One of my favourite films ever is a 1980s comedy movie called Ferris Bueller’s Day Off. It’s a film about a guy who skips school for the day to show his friend a good time by walking him around Chicago. They eat in a fancy restaurant, watch the stock market, go to one of the worlds tallest buildings, view an art gallery, drive a fast car and watch the ball game, all in one day!
I read recently, however, the deeper meaning of the film was that Ferris actually took him to Chicago to rescue his friend from suicide. He wanted to show his friend that life was still worth living by showing him what the world has to offer – art, trade, sport, fine dining, architecture, city life, music, and the value of friendships.
Over the hundred times (literally) I watched the film I had missed the deeper meaning. This wasn’t a film about a guy just selfishly having a fun day and getting his friend to tag along, this was a film about a young man who made a selfless act to save his friend (if Ferris was caught by the crazy headmaster who was pursuing him – he would not graduate). Yip, 100 times watching the film and I missed the real meaning!
Interestingly, at the beginning and end of the film Ferris looks at the camera and says “life moves pretty fast, if you don’t stop and look around once in a while you could miss it.” Life does indeed move pretty fast. We are consumed with doing our jobs, managing our businesses, reacting to stuff that comes at us and pushing forward our own agendas and plans. With all this activity, we do miss a lot. We miss what’s really going on below the surface with people that are close to us and with people we don’t even know. And maybe we also miss what’s really going on with ourselves.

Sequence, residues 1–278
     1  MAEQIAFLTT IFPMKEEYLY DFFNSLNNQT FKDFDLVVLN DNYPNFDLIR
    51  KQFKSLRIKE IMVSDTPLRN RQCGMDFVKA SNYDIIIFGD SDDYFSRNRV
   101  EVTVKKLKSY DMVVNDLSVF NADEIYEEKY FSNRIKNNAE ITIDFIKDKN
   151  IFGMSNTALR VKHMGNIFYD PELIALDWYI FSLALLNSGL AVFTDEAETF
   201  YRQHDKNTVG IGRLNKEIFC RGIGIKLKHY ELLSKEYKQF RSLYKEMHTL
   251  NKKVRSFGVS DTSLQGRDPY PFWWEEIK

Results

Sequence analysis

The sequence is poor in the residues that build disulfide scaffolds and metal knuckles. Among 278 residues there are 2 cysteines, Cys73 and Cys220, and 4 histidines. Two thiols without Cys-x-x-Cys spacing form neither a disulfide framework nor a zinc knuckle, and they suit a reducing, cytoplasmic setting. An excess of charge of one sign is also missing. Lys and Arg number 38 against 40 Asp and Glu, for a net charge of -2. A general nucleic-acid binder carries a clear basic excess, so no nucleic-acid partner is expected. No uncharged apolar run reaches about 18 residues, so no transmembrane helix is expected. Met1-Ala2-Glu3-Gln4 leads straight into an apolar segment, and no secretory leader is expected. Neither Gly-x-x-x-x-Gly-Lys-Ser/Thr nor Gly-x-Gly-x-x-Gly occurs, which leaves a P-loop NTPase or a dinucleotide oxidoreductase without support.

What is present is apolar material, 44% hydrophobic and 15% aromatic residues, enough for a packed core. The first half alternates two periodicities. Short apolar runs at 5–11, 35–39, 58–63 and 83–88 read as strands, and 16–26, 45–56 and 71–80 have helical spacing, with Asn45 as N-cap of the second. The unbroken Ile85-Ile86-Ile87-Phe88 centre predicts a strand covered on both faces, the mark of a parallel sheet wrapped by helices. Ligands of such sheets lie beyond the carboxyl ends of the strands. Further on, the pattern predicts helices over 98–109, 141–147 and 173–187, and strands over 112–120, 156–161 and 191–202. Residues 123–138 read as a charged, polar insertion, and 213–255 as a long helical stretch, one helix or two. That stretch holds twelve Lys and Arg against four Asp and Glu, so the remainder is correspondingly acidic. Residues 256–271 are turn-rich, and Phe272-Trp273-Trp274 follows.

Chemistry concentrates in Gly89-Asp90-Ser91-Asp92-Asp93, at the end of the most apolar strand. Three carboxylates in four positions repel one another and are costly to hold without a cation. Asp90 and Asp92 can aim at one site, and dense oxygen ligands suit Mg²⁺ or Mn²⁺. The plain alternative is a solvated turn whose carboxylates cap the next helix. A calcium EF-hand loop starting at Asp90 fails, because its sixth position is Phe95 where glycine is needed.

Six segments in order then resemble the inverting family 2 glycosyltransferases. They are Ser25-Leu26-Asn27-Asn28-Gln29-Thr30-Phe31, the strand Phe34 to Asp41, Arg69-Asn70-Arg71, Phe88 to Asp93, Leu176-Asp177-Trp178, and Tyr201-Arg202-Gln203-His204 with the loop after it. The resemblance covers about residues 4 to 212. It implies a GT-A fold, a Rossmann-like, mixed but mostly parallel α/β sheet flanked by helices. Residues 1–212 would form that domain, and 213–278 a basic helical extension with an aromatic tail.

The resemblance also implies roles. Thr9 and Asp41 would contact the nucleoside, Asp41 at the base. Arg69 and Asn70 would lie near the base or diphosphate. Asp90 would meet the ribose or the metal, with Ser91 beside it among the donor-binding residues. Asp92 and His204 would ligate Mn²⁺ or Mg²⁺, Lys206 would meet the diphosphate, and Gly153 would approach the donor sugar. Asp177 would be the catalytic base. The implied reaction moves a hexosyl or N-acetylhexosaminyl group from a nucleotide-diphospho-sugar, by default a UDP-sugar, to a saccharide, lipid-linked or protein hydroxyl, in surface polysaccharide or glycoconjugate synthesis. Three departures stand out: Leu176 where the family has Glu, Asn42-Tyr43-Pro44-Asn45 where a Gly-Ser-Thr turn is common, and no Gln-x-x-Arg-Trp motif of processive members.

So, it seems to me that one way to get a deeper sense of it all is to stop everything, put your coat on (because it is really cold out there) and start walking. It will take a bit of time but you will start to do something we rarely do – you will “think” and then you will do something even rarer – you will “reflect.” And as you think and reflect you will start to observe the world around you. You will see things you have never seen before in yourself and others, you will get clarity on stuff that has been to date confusing, and perhaps you will also have conversations with strangers that will give you rich insights and perspectives that will help you, and others, on the journey. Then, you may start to have deeper conversations with those who you normally only engage with at the surface level.
I recently did an evening walk around Belfast. What did I see? I seen the usual busy rush of people coming and going, some great buildings, and some amazing food. However, look a little deeper under the surface and it takes you to a different world; a homeless girl who looked not much older than my young daughter, a business owner who behind the jovial trader was a guy struggling to care for his sick wife and his son who also has his major struggles, a young guy who just left his home in England with the hope of turning a hobby into an enjoyable enterprise, and a homeless man on the street who has no hope other than the possibility someone would dare to treat him as a human being, even for a brief moment.
On that walk of thinking, reflecting, observing and conversing, I easily learnt more in two hours than the last six months of just “doing.”
“Life moves pretty fast…if you don’t stop and look around once in a while you might miss it” Ferris Bueller